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A marijuana plant grows among weeds along a roadside in St. Vincent. (iWN photo)
A marijuana plant grows among weeds along a roadside in St. Vincent. (iWN photo)
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*By Alicia A. Dells

The Rastafarian community in St. Kitts and Nevis scored a major victory recently with a landmark decision handed down by the High Court legitimising their religion and their sacred practices involving marijuana. The decision of the High Court came about following a constitutional challenge to certain existing laws of the land byRas Sankofa Maccabbeewho represented himself. 

This is a welcomed decision promoting religious freedom, especially in light of the current climate where many innocent persons have died tragically and there has been destruction of property in recent mosque attacks in New Zealand and Connecticut, respectively. 

Justice Ventose, in an impressive and well-reasoned judgment in MacCabbee v Commissioner of Police & Anor, explores the tenets of the Rastafari religion and acknowledges its entitlement to protection under the Constitution of the Federation of St. Christopher and Nevis as an established religion. The learned judge further struck down the blanket prohibition relating to the possession and cultivation of marijuana under the Drugs Act. He outlined that the relevant provisions hindered the right of members of this religion to their constitutional guarantee of freedom of conscience. 

Casting the net even wider, the judge ruled that the relevant provisions of the Drugs Act, which impose a general prohibition on the possession and cultivation of marijuana, also contravene the claimant’s right to privacy under the constitution. In effect, the court has sanctioned the use, possession and cultivation of marijuana for an individual’s personal use in private.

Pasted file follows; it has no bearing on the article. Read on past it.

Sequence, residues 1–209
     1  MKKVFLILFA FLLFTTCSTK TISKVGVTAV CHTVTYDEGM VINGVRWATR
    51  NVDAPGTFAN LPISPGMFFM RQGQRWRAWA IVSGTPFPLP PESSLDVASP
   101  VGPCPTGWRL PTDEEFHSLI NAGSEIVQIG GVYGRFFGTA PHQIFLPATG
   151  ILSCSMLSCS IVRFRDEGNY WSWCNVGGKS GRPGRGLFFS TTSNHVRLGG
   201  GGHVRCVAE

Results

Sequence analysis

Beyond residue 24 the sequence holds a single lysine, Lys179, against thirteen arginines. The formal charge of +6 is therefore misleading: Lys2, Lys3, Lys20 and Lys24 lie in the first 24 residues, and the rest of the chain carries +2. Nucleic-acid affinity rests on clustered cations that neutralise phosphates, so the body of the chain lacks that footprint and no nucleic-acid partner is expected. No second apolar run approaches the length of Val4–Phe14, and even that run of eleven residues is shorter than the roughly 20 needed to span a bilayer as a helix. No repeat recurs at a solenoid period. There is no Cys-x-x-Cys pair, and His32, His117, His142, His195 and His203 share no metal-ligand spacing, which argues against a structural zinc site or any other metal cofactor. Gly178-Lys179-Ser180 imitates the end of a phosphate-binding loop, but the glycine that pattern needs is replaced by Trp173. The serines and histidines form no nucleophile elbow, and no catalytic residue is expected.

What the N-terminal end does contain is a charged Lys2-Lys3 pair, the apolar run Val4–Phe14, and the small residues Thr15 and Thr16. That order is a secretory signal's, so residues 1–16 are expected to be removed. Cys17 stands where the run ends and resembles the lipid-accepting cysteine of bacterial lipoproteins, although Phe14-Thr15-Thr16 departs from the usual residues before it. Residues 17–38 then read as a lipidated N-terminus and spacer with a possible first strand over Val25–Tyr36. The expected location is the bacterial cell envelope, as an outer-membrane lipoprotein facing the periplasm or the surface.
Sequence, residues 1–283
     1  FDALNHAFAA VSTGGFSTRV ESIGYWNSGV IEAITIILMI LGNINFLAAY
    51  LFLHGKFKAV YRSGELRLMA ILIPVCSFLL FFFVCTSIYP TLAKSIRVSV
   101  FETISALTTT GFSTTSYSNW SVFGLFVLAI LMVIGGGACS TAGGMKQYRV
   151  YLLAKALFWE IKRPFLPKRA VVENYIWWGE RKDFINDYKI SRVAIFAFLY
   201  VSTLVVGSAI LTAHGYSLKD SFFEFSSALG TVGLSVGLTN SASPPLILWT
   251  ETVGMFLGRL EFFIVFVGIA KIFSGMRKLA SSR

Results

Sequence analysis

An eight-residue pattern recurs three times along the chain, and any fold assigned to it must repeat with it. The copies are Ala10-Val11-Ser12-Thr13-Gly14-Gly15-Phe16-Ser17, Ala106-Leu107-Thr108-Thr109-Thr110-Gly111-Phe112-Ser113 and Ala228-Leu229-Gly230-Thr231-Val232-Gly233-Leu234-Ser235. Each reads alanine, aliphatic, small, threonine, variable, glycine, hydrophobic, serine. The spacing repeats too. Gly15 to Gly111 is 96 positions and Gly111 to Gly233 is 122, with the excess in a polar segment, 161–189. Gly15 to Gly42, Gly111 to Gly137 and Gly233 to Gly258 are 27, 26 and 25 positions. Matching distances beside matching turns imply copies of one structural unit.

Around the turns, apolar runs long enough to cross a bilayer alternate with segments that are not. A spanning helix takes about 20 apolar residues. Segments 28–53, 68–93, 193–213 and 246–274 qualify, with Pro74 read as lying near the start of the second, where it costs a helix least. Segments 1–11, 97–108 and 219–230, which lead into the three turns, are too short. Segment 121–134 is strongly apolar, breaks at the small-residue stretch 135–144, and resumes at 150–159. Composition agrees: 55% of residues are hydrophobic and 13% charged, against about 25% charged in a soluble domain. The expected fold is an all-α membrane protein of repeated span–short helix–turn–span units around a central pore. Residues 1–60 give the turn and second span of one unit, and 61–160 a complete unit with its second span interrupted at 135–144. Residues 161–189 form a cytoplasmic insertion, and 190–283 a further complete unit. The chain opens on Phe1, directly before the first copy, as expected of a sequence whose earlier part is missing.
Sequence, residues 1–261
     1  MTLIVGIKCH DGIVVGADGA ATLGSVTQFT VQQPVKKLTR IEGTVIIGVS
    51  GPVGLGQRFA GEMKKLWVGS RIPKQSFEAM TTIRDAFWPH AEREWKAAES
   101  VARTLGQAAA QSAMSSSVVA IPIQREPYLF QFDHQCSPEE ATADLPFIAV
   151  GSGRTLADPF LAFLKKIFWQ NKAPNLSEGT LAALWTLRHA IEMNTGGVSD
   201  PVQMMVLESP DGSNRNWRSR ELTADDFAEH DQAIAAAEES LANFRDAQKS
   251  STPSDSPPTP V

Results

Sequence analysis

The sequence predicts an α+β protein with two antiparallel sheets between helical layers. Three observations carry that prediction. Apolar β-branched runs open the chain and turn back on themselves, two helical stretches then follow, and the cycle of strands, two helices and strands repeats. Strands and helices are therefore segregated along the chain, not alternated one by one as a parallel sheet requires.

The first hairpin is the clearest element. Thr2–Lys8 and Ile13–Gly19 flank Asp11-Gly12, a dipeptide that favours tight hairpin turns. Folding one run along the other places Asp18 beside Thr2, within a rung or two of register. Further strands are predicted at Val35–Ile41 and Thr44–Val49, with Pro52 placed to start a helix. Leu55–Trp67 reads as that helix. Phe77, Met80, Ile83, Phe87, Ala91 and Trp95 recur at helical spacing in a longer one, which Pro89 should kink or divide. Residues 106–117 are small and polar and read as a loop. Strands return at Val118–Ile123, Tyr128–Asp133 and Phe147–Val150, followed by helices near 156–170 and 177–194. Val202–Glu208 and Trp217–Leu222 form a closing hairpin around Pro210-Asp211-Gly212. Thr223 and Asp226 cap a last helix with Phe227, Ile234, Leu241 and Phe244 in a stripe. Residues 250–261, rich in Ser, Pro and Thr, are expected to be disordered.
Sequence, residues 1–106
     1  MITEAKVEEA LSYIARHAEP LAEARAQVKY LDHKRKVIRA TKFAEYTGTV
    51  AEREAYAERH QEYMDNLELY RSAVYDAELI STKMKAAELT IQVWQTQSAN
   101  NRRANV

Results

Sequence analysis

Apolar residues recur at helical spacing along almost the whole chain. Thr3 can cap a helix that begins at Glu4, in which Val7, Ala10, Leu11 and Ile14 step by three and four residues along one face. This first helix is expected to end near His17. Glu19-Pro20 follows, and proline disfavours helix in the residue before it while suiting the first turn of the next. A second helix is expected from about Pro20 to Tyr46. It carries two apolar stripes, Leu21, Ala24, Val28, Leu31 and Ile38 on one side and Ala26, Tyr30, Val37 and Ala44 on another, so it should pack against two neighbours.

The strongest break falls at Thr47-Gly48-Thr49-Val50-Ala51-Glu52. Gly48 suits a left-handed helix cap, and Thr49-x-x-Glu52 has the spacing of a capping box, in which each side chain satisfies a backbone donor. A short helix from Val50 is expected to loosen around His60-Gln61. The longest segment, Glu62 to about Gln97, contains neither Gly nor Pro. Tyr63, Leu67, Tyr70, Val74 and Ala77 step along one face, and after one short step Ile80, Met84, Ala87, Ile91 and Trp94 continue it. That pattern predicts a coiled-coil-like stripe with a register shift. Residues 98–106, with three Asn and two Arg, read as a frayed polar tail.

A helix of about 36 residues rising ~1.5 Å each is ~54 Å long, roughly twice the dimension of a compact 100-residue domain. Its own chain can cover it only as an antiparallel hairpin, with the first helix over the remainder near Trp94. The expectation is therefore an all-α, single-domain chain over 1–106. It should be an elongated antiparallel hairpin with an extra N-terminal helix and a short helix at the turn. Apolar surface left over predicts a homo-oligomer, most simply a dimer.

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The court has, however, made it clear that its decision relating to the use, possession and cultivation of marijuana excludes minors and is only applicable to adults.  

As a result of the judgment, the legislature in St. Christopher and Nevis has been ordered to amend the Drugs Act to the extent that it infringes the fundamental right of adult members of the Rastafarian community to possess and cultivate marijuana for religious use pursuant to their right to freedom of conscience. The legislature has also been ordered to make the necessary amendments to the statute to give effect to the fundamental right of an adult in St. Kitts and Nevis to possess and cultivate marijuana for personal use in private in accordance with their right to privacy. 

I am hopeful that MacCabbee v Commissioner of Police & Anor will have far reaching implications and cause a domino effect throughout the region where citizens will be minded to file constitutional challenges to similar archaic laws that remain on the statute books. 

Congratulations to Justice Ventose for being bold and for expanding the conversation on cannabis use in the region, which previously seemed to be championed from the vantage point of the capitalist. 

Being mindful of how the judicial process works, I await the State’s next move in relation to whether this decision will make its way to the Court of Appeal.

*Alicia A. Dells is an attorney-at-law practising in Barbados. Miss Dells has also been admitted to practise as a barrister and solicitor in St. Vincent and the Grenadines. 

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